Students who are sophomores or juniors in high school have probably heard of the PSAT (Preliminary Scholastic Aptitude Test). Many students preparing to apply to college take the SAT in their junior or senior year, and the PSAT gives students a chance to practice skills needed for the SAT. However, the PSAT does not count for grades in school and colleges do not see PSAT scores, so some students may wonder why they need to take the PSAT at all.
Even though it might not seem like an important test, the PSAT plays two crucial roles. First of all, the PSAT is the best way to get a sense of what taking the SAT will be like: the PSAT tests the same concepts and uses a format similar to that of the SAT, so the PSAT scores that students get will reflect how they would have done on the actual SAT. Secondly, the PSAT is the first screening process in determining which high school students will be National Merit Scholars. Students who become National Merit finalists receive a college scholarship of a few thousand dollars, which can help students pay for tuition and other college expenses.
The Format of the PSAT
The PSAT is a shorter form of the SAT—the real SAT takes more than three hours, but the PSAT is only a two hour exam. Even though it is shorter, the PSAT still covers all of the academic areas that the SAT tests students on, with one big exception. The SAT requires students to write an essay in response to a prompt, but the PSAT does not require an essay; instead, the PSAT has a half-hour multiple choice writing section.
Students taking the PSAT should also be prepared for two multiple choice math sections, which will test general mathematical knowledge of concepts, as well as the ability to think critically. Students should be confident in working with algebra problems, especially setting up equations for word problems, and students should also be comfortable with key facts from geometry. More importantly, the PSAT will require students to read questions with lots of data and information, and then decide what the best way to solve the problem is. Exposure to many different kinds of math problems will help students be prepared for the variety of questions seen on the PSAT.
The PSAT also has two sections of critical reading problems, which will require students to read short and long passages, and then answer questions about the passages. The questions will vary in complexity, so it will be important for students to be able to extract key information from texts, and then use that information to select the right answer choices. Another crucial skill is developing a strong vocabulary, as the PSAT will test students’ knowledge of the meaning of words and will require students to choose the words that fit best into sentences.
For students who struggle with math or analyzing passages, or students who just want to brush up on a few topics, it might make sense to consider PSAT tutoring before the test. Since the PSAT tests skills that students need to master before the SAT, any test prep students do before the PSAT will pay off once it’s time to take the SAT. Click here for a description of what to expect in a tutoring session.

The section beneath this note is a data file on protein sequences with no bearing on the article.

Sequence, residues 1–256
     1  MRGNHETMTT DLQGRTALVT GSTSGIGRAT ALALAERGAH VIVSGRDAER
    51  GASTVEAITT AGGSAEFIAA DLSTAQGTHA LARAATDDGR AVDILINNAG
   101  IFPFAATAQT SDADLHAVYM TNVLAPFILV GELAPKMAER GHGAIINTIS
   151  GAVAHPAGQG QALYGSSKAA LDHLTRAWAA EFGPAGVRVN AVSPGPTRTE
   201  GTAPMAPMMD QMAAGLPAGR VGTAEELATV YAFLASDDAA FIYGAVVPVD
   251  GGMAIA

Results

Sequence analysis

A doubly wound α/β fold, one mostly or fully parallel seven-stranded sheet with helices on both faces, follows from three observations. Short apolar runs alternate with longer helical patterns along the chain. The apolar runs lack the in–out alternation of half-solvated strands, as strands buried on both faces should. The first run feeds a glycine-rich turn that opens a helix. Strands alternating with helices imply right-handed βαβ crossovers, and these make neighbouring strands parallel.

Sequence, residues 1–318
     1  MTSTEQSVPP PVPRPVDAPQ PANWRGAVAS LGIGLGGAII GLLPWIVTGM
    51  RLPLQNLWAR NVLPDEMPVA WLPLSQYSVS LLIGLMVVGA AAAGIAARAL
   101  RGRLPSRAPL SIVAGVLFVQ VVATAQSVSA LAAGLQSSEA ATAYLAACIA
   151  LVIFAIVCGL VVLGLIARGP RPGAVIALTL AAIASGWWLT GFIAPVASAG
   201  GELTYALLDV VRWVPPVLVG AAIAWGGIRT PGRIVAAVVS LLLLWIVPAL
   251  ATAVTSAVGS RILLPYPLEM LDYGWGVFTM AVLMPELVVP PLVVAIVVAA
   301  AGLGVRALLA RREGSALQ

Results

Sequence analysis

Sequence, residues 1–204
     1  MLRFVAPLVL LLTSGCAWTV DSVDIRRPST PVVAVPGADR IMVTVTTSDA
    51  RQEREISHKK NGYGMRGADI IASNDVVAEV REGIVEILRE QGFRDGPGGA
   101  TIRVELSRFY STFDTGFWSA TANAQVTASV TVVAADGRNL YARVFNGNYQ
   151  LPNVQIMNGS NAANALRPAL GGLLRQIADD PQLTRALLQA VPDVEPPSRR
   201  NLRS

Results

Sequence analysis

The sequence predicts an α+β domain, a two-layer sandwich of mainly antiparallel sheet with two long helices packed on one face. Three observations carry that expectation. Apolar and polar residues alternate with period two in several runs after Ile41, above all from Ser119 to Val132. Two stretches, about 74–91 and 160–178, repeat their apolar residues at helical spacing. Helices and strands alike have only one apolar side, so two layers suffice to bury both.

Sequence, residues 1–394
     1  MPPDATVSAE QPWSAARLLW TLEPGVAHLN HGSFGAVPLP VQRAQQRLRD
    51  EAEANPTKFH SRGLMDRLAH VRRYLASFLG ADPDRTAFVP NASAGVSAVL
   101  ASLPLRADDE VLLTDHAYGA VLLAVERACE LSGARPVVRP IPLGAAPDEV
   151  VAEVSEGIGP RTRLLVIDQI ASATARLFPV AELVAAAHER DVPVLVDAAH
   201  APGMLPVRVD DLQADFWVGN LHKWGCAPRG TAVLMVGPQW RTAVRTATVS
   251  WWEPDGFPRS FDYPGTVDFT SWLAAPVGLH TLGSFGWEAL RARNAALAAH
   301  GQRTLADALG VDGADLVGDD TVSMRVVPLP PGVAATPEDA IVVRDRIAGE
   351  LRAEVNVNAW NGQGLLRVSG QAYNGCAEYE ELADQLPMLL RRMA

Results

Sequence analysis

PSAT Results and the National Merit Scholarship Program
A few months after taking the PSAT, every student will receive a PSAT score out of 240. While PSAT scores won’t be reported on college applications or graded by high schools, the results of the PSAT actually do matter. The top 3% of US high school juniors will become National Merit finalists based on their PSAT results. The added bonus of being a National Merit scholar is that students can designate this status on college applications, and in most cases, colleges will receive the list of each year’s finalists. That’s a good way to make one’s college application more impressive! Even though scores won’t be reported to colleges, excelling on the PSAT is a great way to start standing out from the crowd, so it’s never too early to begin preparing.
Should You Hire a Private Tutor to Help Your Child Prep for the PSAT?
Standardised tests are high-stakes, and you probably have questions about how to best help your child prepare for the PSAT. You may have asked yourself whether your child would benefit from a private test prep tutor. Origins Tutoring, a NYC-based test prep and tutoring company specializing in customized, one-to-one test prep tutoring, can help address these concerns, and guide and support your family through the sometimes stressful standardised test preparation process. Our approach is simple: each student will receive the undivided attention and the expertise of a dedicated, experienced tutor who places a premium on delivering the highest quality test preparation tutoring in the most effective and time-efficient manner possible.
If you think we could help your child achieve his or her personal best on the PSAT, please call 917.287.7927 for a complimentary consultation now.